They come from the big city of Atlanta, and smaller cities like Augusta and Savannah. Even the town of Rossville, with a population of just over 4,000, is represented on a Georgia Bulldogs football roster that consists predominantly of in-state players.
To grow up playing football in the South is to hope to play college football in the South. But not everyone realizes that goal. For many southerners, the quest for a Football Bowl Subdivision scholarship leads to distant places, such as the University at Buffalo, which will be taking five Georgia natives back home when it plays the Bulldogs in Sanford Stadium in Athens at 12:20 p.m. Saturday.
"Georgia is not a secret anymore," Bulldogs coach Mark Richt said of the state's high school talent base. "Atlanta with the airport and the accessibility for people to come from just about anywhere in the United States to have a direct flight from Atlanta and go recruit and get out of there. It just makes sense for time and for what it might cost to do that. Everybody is in the state. Everybody is in Atlanta, and everybody is trying to find some Georgia boys to help them win, so it's not a shock to see them all the way in Buffalo."
Starting wideout and punt returner Cordero Dixon grew up 50 miles away from Athens in Suwanee. Backup wideout Devon Hughes hails from Tyrone, 90 miles to the southwest. It's about an hour commute (not accounting for traffic) from Atlanta, the home base of starting cornerback Najja Johnson. Quarterback Tony Daniel, who holds on place kicks, grew up 100 miles west in Hiram. The family of reserve linebacker Kendall Roberson can bolt up Route 316 and make it to Athens from Decatur in 80 minutes.
UB's Georgia natives are acutely aware of the Bulldog culture. College football fever permeates the South. But not all of them grew up avid fans of what they all refer to as UGa.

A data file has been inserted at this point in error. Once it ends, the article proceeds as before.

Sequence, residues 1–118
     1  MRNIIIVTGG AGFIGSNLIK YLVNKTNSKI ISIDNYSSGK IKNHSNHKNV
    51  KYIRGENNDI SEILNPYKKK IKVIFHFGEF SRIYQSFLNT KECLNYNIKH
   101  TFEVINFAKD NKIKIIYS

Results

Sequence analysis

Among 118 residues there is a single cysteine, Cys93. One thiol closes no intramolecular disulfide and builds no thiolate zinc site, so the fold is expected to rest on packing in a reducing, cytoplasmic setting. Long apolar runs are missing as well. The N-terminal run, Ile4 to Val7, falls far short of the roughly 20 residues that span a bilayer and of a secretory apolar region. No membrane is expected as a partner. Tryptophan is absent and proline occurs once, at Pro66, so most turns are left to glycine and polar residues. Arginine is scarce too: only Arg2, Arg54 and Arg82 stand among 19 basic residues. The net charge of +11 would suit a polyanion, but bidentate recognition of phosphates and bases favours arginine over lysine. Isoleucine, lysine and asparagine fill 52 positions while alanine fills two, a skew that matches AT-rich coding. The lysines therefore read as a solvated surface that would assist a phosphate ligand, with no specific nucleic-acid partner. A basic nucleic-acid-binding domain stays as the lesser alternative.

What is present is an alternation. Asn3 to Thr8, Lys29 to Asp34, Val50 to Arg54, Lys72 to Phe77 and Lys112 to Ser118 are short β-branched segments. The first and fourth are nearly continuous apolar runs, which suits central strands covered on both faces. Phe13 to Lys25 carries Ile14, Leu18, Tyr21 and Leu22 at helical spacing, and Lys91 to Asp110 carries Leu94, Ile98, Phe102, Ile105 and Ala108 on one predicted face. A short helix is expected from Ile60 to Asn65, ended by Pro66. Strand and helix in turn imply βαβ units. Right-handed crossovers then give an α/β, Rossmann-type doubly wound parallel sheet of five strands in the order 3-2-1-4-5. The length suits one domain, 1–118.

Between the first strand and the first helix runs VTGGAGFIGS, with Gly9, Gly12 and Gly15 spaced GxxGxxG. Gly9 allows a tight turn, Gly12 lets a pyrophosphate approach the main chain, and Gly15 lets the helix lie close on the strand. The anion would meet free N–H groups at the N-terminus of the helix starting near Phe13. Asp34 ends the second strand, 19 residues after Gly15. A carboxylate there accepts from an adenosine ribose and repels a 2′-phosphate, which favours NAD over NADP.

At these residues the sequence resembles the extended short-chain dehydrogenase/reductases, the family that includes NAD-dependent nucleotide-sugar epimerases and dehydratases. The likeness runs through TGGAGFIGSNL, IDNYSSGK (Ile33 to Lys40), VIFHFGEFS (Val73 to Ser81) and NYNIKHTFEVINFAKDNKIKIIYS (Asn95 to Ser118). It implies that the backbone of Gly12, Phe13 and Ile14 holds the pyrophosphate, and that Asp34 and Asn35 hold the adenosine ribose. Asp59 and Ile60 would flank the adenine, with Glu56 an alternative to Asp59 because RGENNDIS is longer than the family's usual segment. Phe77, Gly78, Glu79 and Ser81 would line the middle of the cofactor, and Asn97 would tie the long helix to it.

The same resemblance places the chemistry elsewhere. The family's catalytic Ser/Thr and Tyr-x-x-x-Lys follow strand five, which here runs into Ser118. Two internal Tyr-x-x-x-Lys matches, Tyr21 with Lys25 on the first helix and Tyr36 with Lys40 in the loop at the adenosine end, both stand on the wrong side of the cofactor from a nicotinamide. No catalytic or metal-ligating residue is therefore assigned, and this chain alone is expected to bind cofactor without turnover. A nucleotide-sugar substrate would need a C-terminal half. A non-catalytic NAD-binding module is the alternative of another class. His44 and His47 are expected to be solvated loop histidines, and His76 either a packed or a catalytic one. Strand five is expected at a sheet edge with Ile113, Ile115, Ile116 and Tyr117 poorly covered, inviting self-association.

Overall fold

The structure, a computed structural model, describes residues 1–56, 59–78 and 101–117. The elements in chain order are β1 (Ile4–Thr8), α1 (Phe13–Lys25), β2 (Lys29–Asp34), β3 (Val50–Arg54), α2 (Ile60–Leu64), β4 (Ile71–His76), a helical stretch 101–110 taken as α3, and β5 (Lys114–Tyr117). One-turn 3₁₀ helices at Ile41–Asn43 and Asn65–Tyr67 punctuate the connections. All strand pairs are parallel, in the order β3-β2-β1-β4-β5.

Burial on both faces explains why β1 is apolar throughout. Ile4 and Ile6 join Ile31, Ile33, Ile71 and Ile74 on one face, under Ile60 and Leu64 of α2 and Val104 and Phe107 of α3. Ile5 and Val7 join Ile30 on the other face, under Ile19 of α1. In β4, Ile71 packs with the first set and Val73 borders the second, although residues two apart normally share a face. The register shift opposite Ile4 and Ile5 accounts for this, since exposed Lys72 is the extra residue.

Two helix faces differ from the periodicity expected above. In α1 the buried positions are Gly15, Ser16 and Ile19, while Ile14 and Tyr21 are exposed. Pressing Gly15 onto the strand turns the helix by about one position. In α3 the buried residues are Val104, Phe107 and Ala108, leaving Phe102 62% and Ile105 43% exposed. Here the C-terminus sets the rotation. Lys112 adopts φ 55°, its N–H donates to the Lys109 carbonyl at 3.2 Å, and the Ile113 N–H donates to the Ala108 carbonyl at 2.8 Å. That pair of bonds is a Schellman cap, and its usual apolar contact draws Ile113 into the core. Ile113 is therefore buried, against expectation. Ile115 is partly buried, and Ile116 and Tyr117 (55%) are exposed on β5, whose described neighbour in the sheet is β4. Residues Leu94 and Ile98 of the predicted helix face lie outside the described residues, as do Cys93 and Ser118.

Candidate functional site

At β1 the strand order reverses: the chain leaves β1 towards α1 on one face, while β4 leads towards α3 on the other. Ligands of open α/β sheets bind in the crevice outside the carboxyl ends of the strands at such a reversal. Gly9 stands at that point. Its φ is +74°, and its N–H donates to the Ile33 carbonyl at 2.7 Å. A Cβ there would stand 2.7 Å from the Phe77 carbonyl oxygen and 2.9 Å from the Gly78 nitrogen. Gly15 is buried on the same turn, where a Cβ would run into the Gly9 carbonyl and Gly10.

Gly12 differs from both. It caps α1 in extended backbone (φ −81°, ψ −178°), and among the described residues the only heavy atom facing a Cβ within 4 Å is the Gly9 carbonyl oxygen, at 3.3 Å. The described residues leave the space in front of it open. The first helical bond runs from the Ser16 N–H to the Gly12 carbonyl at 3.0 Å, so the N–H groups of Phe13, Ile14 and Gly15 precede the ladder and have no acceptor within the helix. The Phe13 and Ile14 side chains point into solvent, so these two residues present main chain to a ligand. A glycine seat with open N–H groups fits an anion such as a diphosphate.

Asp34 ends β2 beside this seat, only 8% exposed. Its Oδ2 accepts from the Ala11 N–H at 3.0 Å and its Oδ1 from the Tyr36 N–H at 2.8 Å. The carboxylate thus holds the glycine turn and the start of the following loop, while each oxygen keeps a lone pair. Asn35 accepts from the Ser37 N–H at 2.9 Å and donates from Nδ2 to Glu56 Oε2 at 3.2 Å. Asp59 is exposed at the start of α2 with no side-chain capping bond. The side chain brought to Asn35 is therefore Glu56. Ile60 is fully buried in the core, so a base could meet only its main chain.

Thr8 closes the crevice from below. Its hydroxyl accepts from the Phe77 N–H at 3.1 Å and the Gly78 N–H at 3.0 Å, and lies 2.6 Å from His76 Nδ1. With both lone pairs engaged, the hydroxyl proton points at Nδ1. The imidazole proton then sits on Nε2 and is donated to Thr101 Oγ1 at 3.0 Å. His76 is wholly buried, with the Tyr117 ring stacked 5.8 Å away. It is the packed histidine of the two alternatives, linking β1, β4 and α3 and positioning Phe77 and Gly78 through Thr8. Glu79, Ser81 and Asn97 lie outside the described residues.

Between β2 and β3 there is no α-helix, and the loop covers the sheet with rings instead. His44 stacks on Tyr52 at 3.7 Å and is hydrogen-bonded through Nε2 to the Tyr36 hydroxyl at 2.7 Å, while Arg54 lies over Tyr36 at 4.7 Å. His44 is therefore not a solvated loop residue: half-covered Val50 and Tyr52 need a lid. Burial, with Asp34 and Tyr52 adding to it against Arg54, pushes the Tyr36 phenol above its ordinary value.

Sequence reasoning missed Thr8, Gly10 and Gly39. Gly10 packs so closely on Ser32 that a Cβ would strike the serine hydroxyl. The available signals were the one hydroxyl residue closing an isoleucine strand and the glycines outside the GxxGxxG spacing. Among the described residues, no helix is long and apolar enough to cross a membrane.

"A fan of Georgia? I always liked Florida State," Dixon said. "That was my favorite college team when I was a young kid."
Said Daniel, explaining he had little choice since his father was raised in Knoxville: "I grew up a Tennessee fan."
Added Hughes: "I wouldn't say I was a fan but I watched them and supported them just because they were the hometown team."
In terms of the football matchup, this qualifies as a long reach for UB. Georgia, the defending SEC champion, opens the season ranked sixth in the Associated Press poll. At least three Bulldogs are expected to go in the top 50 of the NFL draft including - if he declares - junior quarterback and Heisman hopeful Aaron Murray.
But games against the likes of Georgia and, in the past, Penn State, Wisconsin, Auburn and Tennessee, can help to convince recruits that Buffalo's the right place for them. One or two games a year against BCS schools trumps none at all.
"It's a good opportunity to just go down in Georgia and play where you played high school football," Dixon said. "I played in the Georgia Dome, but that's not like playing in a college stadium at Georgia."
"It's an excellent opportunity to come back home and play in front of family and friends," Johnson said. "It's definitely on my bucket list to play in Sanford Stadium. I'm looking forward to it, but at the end of the day UGa is still our opponent, and I'm looking forward to going down there and winning."
They've all been scrambling for tickets, trying to accommodate family and friends and former coaches. The demand is heavy at South Paulding High, where Daniel became one of the first Spartans to earn a FBS scholarship.
"So it's exciting for them to get to come and see me in a big stadium against a team they grew up cheering for their whole life," he said.
The hedges. The heat. The humidity. Sanford Stadium on a Saturday afternoon.
"Just to play at home is definitely a dream come true," Hughes said. "Just to play in front of the family. I never thought I'd be able to go back to Georgia and play a college football game. So that's going to be a real good time."